Organizing for Humans....
Organizing for Humans: an Activist's Card Game
A GAME FOR OUR TIMES: Organizing for Humans is both a teaching tool and a process that provides structure and equity for the planning aspect in organizing. Those of you who have participated in movements or groups can attest to the fact that no matter how anti-establishment or revolutionary a group may aim to be, it is still subject to the acculturation of those who participate in it. This means race, gender, religion, orientation, language, educational background and class can all act as strictures that undermine the organizing process with hierarchical behavior by participants. O4H attempts to alleviate this through the randomization of roles in its planning process. While this is set up as a “game” and can be fun, we stress that this is a tool so that we can cogently format plans to make this world a better place. It is designed to be applicable to whatever type of social justice mission you plan to undertake.
The symbols on the back of the O4H cards are an Adinkra Symbols. These symbols are from Ghana West Africa and were originally used for funeral rites, but have evolved to be cultural signifiers of values and principles. The two represented here are indicative of what we hope Organizing 4 Humans inspires: this particular one on the left is called “Wo Nsa Da Mu A”, which represents hands sharing a dish which can be interpreted as democracy and pluralism. The Adinkra on the right is is called “mmere dane”, which represents changes or life's dynamics.
Implementation (Organizing) Cards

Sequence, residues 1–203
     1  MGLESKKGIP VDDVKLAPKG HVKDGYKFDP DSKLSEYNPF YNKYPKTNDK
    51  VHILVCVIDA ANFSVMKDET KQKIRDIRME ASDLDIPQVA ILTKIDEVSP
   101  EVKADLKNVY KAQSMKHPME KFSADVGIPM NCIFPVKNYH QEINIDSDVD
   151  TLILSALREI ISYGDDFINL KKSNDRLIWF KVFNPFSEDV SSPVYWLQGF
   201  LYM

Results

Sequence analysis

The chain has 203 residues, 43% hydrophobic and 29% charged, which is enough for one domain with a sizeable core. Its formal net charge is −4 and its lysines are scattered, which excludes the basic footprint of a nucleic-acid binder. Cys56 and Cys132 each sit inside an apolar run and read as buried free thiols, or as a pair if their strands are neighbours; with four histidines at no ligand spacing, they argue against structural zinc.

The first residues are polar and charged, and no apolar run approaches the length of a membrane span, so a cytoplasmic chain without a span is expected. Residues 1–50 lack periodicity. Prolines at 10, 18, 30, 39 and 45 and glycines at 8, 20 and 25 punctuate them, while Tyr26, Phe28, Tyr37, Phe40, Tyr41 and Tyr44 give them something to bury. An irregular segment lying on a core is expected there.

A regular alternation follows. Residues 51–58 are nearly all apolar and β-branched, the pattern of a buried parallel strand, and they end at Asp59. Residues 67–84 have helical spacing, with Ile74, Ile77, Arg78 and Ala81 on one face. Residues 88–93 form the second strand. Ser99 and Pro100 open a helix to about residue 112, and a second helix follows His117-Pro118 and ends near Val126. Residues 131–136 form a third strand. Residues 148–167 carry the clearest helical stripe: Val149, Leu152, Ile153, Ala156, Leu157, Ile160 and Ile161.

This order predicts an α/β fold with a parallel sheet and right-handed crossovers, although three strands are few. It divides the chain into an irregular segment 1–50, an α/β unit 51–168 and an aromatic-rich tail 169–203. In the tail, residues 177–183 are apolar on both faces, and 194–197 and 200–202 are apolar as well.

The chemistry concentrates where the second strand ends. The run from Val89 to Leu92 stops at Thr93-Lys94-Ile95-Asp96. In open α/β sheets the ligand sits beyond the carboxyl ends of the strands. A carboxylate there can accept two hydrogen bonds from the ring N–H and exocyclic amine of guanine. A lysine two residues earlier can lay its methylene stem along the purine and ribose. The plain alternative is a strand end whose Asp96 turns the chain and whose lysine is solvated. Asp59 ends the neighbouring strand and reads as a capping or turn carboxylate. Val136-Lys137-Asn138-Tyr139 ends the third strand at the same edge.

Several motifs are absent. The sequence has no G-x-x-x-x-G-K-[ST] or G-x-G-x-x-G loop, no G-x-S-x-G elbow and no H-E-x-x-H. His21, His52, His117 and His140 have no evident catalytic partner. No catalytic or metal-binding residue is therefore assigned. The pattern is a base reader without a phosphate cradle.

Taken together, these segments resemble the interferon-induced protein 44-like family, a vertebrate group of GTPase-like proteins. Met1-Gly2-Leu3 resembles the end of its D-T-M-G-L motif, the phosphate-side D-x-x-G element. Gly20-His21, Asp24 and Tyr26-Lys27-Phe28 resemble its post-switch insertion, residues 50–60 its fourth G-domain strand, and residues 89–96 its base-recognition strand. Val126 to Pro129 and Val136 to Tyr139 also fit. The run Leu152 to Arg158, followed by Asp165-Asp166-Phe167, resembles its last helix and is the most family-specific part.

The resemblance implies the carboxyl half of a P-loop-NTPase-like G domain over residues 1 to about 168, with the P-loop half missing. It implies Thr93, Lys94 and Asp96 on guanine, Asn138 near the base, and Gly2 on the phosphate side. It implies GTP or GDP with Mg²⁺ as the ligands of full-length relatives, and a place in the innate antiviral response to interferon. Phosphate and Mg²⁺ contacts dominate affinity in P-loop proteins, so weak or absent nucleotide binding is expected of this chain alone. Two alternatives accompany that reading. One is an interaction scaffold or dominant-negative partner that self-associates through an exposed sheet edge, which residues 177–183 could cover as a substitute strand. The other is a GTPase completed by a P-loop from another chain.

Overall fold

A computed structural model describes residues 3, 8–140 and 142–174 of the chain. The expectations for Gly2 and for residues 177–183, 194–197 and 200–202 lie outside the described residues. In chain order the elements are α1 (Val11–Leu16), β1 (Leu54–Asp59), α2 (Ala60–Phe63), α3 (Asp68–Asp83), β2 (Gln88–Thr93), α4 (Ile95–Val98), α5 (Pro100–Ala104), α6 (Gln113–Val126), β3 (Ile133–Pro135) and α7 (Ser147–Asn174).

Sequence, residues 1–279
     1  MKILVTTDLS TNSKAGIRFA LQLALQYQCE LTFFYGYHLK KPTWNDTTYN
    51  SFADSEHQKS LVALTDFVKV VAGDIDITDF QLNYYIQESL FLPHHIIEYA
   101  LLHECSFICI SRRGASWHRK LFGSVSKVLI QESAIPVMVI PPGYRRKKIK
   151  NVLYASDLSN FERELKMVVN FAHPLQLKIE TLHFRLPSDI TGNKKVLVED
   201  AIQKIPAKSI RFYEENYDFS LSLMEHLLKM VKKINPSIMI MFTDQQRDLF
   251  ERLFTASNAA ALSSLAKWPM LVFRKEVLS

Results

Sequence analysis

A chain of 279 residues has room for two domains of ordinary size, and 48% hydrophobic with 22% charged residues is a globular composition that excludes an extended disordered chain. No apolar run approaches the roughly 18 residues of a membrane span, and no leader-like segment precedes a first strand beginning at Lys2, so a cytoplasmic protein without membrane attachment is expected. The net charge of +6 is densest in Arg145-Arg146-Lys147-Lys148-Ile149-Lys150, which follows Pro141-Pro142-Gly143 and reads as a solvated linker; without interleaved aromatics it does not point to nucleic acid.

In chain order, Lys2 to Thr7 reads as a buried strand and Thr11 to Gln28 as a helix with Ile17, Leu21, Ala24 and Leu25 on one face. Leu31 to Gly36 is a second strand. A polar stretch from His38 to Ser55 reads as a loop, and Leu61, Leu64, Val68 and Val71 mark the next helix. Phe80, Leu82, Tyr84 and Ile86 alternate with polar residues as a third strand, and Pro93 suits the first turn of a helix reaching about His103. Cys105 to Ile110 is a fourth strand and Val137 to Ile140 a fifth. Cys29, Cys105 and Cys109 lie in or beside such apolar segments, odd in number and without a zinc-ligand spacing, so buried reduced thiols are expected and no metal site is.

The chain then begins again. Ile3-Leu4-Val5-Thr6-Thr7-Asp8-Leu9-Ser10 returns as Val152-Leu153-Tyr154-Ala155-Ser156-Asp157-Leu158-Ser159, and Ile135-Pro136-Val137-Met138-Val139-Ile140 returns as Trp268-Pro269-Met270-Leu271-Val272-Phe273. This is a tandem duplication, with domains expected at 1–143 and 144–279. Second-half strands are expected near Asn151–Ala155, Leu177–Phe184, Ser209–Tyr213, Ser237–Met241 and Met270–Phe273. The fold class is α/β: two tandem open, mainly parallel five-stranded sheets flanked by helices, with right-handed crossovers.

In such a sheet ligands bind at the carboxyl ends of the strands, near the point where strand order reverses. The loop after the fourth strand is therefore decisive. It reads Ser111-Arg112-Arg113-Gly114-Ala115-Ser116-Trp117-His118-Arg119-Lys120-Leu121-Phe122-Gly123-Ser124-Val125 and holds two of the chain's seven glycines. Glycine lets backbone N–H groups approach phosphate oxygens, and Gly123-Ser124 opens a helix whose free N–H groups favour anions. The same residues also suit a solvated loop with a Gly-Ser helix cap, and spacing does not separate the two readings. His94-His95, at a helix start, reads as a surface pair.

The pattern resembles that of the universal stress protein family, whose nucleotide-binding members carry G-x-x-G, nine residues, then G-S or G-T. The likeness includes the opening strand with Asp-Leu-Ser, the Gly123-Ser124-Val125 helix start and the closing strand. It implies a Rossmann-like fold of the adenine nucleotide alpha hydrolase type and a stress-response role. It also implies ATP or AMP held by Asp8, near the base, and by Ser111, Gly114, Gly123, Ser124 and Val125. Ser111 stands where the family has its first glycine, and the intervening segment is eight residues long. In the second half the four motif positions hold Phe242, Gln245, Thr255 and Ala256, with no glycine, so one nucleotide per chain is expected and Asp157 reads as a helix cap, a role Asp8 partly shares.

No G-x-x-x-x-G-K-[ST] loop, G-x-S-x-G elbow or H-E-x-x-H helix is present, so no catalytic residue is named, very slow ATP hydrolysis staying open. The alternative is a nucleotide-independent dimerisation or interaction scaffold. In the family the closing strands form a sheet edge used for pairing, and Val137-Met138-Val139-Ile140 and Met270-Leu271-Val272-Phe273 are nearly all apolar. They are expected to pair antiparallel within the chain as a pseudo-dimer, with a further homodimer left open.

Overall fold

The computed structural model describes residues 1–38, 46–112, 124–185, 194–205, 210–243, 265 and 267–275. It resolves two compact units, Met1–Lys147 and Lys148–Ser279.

Start with an idea- “Let's plan a march to City Hall to protest….”
or “Let's plan a campaign to raise awareness of...”
In organizing or in business planning, we always start with an idea...but finding our way through the processes to bring that idea to fruition is often difficult. We have our own biases, our own weaknesses that we tend to shy away from ("I'm not good with numbers!" or "I'm not so much of a people person!") so we end up turning a blind eye towards important aspects of whatever it is we are planning. The first part of O4H lays out cards with different categories for you to figure out what you need to do to bring the idea to life. All you need is at least two people to play, but preferably four. Anything above four is fine; O4H scales well for large group gatherings. Here are some details of the implementation portion of the game:
- A different person in your group shuffles and deals each time.
- Cards should never be never marked! No cheating!
- Each person gets one card. The Goal is to have multiple people working on each “category” during a session.
- If there are under 10 people, each person gets 2 cards.
- Once cards are dealt, everyone shows their (first) card.
- People with cards that fall under the same category group together.
- Groups have a set amount of time to come up with 3 “can-do's” and 3“challenges” for their category.
- When the 15 minutes is up, each group selects a person to read off the can-dos and challenges.
Once you have played through the first round of O4H, you should have your plan together. Congratulations! You are getting organized! As they say on television, “but wait, there is more!”
In organizing, the plan is important, but implementation
is where you take your plan and see your efforts come
to fruition. Needless to say, in life, change is inevitable.
Groups and organizations that are prepared for their
plans to encounter obstacles are the groups that
achieve success. So in this part of the game, you are
going to test your mettle as a group to see if you can
get your plan through the fire.
The scenarios provided are general scenarios that are
applicable and adaptable to your real life scenarios.
Some of the challenges you will face will come from
other organizations; some of the challenges will come
from government institutions, and some will in fact
come from the people with whom you are organizing.